The evidence is the heart of any criminal case. We usually think of evidence as evidence that supports (or proves) the allegation that the crime was committed. This is technically called “inculpatory evidence” as it tends to incriminate (or inculpate) the defendant. But what about evidence that tends to exonerate (or exculpate) the defendant? This evidence is called “exculpatory evidence” but it seems we hardly hear about this type of evidence.
In the seminal case, Brady v. Maryland, 373 U.S. 83 (1963), the United States Supreme Court held that in any criminal case, the prosecution has a constitutional duty to reveal to the defense any evidence it has that might show the defendant is innocent of the crime charged or did not commit the crime in the manner charged. This is the defendant’s due process right. This is commonly referred to as Brady evidence or a Brady disclosure and it applies to all California criminal cases.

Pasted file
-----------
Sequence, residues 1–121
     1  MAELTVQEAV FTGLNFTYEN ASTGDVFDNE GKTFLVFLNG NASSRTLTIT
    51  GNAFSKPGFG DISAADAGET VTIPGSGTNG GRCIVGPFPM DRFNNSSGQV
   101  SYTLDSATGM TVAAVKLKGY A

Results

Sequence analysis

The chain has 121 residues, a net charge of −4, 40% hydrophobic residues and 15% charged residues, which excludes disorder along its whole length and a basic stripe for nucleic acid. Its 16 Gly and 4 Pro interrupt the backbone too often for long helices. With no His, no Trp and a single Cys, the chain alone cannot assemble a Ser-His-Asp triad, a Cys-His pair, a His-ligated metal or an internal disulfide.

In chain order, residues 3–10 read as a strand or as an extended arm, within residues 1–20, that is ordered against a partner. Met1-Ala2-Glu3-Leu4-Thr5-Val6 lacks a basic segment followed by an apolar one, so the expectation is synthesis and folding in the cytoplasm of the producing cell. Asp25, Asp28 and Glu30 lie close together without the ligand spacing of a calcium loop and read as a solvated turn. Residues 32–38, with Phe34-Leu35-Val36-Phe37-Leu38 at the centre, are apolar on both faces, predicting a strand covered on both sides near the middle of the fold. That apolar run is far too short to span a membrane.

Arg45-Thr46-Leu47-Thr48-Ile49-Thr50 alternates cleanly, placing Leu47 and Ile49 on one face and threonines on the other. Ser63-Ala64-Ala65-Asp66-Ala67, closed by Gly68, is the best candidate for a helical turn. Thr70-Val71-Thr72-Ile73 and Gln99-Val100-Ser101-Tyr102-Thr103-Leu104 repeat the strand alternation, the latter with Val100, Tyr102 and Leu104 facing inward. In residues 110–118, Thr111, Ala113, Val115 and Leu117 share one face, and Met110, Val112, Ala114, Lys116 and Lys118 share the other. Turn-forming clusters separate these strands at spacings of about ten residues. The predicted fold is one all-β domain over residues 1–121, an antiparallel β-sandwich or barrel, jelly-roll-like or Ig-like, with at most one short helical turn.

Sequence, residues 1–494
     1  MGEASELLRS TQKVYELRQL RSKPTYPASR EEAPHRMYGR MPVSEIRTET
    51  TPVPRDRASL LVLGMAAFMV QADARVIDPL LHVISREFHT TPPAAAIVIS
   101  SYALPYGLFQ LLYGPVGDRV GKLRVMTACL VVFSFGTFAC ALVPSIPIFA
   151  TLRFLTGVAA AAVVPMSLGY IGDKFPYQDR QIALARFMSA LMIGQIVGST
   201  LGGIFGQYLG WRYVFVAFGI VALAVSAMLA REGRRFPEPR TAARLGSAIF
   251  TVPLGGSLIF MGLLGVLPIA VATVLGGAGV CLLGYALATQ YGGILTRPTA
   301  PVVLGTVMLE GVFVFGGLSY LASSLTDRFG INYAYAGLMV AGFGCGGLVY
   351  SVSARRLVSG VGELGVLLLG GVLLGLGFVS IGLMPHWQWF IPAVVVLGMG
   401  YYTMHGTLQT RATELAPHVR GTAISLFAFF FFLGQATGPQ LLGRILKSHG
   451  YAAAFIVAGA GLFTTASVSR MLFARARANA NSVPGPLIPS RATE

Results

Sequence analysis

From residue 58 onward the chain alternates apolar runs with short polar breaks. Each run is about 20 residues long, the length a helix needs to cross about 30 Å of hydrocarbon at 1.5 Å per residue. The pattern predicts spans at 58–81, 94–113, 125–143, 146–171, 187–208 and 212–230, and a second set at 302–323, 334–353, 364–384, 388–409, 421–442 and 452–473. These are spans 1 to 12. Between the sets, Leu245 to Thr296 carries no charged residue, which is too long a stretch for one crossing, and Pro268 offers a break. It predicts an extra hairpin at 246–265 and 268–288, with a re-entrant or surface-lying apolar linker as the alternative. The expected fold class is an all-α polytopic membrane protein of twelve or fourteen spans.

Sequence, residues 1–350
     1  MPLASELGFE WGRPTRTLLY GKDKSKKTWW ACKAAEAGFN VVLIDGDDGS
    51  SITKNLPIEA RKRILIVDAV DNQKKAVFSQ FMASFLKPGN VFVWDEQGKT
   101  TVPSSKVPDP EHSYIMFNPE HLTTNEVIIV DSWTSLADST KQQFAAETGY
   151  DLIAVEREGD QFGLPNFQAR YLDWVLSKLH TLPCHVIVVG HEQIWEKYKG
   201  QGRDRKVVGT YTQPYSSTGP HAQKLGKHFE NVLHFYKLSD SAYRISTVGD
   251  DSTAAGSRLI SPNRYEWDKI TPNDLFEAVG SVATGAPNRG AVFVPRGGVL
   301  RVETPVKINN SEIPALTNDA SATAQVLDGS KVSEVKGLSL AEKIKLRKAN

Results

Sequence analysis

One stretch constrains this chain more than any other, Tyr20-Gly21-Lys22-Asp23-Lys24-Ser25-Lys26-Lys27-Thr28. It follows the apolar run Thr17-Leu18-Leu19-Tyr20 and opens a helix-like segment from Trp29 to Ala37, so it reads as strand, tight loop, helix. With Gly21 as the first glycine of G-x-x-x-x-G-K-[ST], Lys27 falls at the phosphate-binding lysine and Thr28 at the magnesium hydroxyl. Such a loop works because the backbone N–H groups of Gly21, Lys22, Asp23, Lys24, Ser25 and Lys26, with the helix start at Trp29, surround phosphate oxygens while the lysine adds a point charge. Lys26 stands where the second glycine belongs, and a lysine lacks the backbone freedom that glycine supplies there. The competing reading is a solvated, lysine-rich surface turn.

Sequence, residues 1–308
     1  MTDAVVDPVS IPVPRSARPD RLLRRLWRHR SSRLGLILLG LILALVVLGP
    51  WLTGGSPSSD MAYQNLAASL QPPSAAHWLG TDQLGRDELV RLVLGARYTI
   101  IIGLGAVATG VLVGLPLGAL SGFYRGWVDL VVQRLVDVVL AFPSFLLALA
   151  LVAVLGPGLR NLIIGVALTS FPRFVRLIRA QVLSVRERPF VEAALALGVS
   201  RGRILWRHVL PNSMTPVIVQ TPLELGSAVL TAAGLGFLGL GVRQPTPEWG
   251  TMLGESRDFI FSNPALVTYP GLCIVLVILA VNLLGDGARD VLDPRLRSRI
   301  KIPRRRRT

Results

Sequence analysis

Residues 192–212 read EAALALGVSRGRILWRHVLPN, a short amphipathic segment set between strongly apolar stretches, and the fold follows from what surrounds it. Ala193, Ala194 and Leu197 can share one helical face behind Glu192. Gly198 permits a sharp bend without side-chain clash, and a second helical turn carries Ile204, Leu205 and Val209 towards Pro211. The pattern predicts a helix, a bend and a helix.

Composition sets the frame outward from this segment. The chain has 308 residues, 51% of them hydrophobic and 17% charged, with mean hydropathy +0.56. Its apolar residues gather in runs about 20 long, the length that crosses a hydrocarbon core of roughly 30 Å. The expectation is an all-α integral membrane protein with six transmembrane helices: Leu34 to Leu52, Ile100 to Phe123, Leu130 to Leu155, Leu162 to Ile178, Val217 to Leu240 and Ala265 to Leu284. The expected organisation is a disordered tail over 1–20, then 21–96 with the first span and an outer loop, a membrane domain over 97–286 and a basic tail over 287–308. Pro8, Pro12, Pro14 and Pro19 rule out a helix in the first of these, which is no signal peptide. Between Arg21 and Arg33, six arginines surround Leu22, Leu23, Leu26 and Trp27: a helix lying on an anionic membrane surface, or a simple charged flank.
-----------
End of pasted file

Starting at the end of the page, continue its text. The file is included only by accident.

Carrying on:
Brady evidence can be physical evidence, witness statements, video footage, recordings, or any evidence that has a “reasonable probability” of establishing that the defendant did not commit the crime or did not commit the crime to the level charged (for sentencing mitigation purposes). A good example might be evidence that a credible witness to the alleged crime comes forth and states that he saw the police plant evidence. If this were a true statement (and it certainly happens, as the recent incidents in Baltimore have exposed), it is exculpatory and the prosecution must reveal it. But the police would certainly try to cover this statement up, sometimes even with the help of the prosecutor. Hopefully this doesn’t happen often, but it is unfortunate that the prosecution and the police sometimes do suppress exculpatory evidence in furtherance of their own prosecutorial agenda. Orange County had its own Brady evidence scandal a few years ago.